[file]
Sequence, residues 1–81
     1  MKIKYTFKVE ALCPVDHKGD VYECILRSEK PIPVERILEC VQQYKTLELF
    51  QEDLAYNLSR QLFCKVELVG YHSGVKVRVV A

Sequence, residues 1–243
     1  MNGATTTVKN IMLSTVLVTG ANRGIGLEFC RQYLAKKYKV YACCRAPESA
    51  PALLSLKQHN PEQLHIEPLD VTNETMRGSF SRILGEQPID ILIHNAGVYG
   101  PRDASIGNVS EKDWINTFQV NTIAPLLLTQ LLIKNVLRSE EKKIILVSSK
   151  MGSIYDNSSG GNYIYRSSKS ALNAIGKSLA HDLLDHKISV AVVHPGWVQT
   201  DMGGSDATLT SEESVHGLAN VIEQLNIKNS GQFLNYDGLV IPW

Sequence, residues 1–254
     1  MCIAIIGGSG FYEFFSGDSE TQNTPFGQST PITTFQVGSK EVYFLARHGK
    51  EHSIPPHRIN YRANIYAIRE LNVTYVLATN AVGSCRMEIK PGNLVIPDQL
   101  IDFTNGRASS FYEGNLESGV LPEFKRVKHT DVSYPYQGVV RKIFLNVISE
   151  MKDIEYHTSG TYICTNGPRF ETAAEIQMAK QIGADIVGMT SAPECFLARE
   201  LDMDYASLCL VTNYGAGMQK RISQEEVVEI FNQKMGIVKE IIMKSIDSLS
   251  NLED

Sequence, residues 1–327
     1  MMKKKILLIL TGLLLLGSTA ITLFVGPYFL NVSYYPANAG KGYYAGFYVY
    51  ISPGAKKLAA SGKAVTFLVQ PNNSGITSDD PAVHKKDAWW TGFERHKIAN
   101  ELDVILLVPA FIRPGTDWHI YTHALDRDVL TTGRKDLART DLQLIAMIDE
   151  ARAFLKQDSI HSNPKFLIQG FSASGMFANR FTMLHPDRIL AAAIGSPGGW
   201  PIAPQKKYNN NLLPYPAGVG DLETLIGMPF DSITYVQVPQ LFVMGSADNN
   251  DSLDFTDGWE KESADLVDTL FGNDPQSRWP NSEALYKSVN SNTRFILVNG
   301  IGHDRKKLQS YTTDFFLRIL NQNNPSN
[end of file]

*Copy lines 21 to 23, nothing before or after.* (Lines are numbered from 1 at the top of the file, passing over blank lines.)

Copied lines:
   151  ARAFLKQDSI HSNPKFLIQG FSASGMFANR FTMLHPDRIL AAAIGSPGGW
   201  PIAPQKKYNN NLLPYPAGVG DLETLIGMPF DSITYVQVPQ LFVMGSADNN
   251  DSLDFTDGWE KESADLVDTL FGNDPQSRWP NSEALYKSVN SNTRFILVNG